What is the cardinal symptom of Chronic Renal Failure?
A syndrome known as uraemia. characterised by severe malaise and fatigue
How does dialysis work?
The solute composition of Solution A (Blood) is altered by exposing it to Solution B (dialysate) through a semipermeable membrane.
Based on two principles:
How is blood exposed to the membrane in each type of dialysis?
Extra-corporeally in haemodialysis
Mesenteric circulation in Peritoneal
What are the types of dialysis?
Haemodialysis (home, satellite or hospital)
Peritoneal (CAPD & APD)
How do you gain blood access in haemodialysis?
Native AV fistula
AV prosthetic graft
Temporary access through a tunnelled or temporary venous catheter
What are the types of peritoneal dialysis?
Continuous Ambulatory Peritoneal Dialysis:
- Patient changes their own fluid ~4x a day
Automated Peritoneal Dialysis
- Patient hooked to a machine which changes their fluid while they sleep
What is used as a SPM in Peritoneal dialysis?
The peritoneal mesothelium
Explain the difffusion principle?
Dialysate is designed with a solute composition that will equilibriate with that of the blood at the target solute conc.
E.g. it contains more bicarb so it diffuses into blood, less Na so some moves out the blood and no urea so lots of it is diffused out.
Explain the ultrafiltration principle
The method by which excess fluid is drained out the blood.
In haemodialysis pressure is applied to the SPM to drain fluid from the blood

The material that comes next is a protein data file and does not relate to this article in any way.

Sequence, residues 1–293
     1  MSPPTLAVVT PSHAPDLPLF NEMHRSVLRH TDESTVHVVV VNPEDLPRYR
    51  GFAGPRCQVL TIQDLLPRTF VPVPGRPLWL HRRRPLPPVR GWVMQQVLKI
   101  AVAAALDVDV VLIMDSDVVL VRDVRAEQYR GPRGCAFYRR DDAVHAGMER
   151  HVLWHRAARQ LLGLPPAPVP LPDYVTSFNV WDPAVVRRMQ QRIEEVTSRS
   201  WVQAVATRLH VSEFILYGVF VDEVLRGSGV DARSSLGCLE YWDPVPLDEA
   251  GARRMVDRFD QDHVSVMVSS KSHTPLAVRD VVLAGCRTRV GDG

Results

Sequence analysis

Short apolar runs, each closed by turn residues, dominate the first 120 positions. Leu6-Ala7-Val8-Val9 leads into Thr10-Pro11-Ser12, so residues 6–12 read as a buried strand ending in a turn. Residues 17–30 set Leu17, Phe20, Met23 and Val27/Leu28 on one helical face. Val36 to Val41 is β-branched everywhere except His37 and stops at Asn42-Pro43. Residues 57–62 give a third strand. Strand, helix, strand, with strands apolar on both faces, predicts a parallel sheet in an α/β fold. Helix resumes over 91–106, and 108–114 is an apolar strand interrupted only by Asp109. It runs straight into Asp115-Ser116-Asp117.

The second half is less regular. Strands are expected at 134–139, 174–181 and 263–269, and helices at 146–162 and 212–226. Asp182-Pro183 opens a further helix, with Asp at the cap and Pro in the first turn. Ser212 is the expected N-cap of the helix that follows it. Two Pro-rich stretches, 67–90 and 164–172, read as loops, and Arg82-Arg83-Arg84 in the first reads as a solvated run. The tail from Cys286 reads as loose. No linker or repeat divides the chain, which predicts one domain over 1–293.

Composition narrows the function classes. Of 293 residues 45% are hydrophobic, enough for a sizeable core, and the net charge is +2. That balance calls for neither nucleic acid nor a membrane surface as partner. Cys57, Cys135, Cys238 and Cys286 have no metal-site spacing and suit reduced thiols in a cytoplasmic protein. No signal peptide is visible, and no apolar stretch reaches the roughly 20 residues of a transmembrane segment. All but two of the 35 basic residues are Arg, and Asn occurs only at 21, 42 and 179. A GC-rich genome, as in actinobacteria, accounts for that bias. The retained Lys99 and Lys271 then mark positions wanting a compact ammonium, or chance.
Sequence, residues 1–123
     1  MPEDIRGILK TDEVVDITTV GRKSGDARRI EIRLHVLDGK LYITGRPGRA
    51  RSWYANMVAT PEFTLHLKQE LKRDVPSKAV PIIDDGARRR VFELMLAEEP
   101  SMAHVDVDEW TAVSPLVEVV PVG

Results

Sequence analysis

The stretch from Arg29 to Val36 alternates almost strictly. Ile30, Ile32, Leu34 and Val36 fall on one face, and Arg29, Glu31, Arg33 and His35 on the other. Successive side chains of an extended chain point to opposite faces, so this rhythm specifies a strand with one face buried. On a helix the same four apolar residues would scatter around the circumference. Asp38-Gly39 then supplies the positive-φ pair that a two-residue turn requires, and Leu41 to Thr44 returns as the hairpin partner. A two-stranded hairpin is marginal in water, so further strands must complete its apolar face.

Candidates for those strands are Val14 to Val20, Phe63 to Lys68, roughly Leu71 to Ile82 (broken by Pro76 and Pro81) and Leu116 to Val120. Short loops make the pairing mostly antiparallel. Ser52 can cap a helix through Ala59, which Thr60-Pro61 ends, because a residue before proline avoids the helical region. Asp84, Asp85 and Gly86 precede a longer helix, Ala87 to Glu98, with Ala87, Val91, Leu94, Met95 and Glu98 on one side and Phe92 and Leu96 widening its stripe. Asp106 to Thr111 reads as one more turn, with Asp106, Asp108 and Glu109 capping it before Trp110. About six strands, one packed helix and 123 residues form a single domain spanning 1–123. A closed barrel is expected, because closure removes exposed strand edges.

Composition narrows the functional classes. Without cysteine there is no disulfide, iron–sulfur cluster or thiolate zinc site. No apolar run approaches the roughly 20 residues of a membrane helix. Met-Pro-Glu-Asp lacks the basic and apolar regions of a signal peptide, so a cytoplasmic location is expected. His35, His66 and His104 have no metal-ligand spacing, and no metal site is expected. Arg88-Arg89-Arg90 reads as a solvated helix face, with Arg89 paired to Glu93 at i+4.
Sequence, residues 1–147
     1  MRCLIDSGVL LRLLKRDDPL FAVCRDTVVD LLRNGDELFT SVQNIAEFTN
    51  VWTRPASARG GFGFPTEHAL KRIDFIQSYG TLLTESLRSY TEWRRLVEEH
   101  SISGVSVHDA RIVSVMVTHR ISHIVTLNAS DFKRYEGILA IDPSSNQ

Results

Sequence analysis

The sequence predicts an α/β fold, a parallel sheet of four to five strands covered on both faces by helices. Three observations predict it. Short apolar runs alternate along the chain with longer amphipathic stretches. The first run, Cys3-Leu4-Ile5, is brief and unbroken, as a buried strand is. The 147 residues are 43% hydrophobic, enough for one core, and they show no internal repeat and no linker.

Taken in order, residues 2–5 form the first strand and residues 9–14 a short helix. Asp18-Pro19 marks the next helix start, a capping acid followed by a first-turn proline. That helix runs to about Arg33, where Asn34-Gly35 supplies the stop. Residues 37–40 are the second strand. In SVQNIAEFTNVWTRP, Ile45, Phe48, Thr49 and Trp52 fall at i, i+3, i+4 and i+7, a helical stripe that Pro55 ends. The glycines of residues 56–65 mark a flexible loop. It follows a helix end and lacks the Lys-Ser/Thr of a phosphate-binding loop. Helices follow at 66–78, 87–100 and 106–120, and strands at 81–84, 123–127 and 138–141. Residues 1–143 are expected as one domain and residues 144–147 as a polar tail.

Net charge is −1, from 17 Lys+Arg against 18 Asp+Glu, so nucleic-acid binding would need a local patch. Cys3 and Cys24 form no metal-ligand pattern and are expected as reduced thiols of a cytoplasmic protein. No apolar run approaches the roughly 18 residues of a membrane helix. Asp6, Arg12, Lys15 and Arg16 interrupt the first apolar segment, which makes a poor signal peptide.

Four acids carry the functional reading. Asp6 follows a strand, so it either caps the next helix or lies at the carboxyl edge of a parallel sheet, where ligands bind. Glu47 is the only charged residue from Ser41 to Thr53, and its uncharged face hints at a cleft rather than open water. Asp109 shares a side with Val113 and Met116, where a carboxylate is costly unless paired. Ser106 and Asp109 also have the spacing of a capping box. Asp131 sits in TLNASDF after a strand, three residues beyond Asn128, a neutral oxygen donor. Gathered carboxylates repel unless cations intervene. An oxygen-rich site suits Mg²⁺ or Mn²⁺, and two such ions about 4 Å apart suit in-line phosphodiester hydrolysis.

In PD osmotic agents (mainly glc) in the dialysate cause movement of water out the blood
What indicates dialysis is appropriate?
Advanced Uraemia (<10ml/min GFR). Particularly when symptomatic
Severe acidosis (<10mmol/l Bicarb)
Fluid/Na retention uncontrolled by diuretics
How is diet affected by dialysis?
Water soluble vit supplements Phosphate restriction (+binders) Na/K restriction Calorie and protein restriction
How is fluid gain measured during dialysis?
Measure body weight after dialysis and before the next treatment, tells you how much fluid to drain off
How is fluid restricted in dialysis patients?
Haemo is strictly limited to their UO + insensible loss. (500-800ml/24 hrs depending on the patient)
PD is more liberal as continuous ultrafiltration is often achieved
What meds would you put a dialysis patient on?
- Erythropoietin stimulating Agents (ESA)
- Phosphate binders with meals
- Water soluble vit supplement
- Fe supplements
- Anti-hypertensives/Lipid control as relevant
(Haemo gets heparin during treatments)
Complications of Haemodialysis?
- Clotting of vascular access point
- Heparin problems
- Hypotension & Cramps (excess fluid drained)
Allergic reaction to dialysis
Catastrophic Dialysis Accient
Complications of Peritoneal dialysis?
PD Peritonitis Exit site or tunnel infection Ultrafiltration failure (Usually membrane damaged by infection, need to move them onto haemo) Abdominal wall hernia Tube problems Encapsulating Peritoneal Sclerosis
What organisms cause PD peritonitis?
Gram +ve if skin contaminant
Gram -ve if bowel origin
Other than dialysis how else do we manage renal failure?
Conservative Kidney Management (CKM) - Using meds to treat the symptoms of uraemia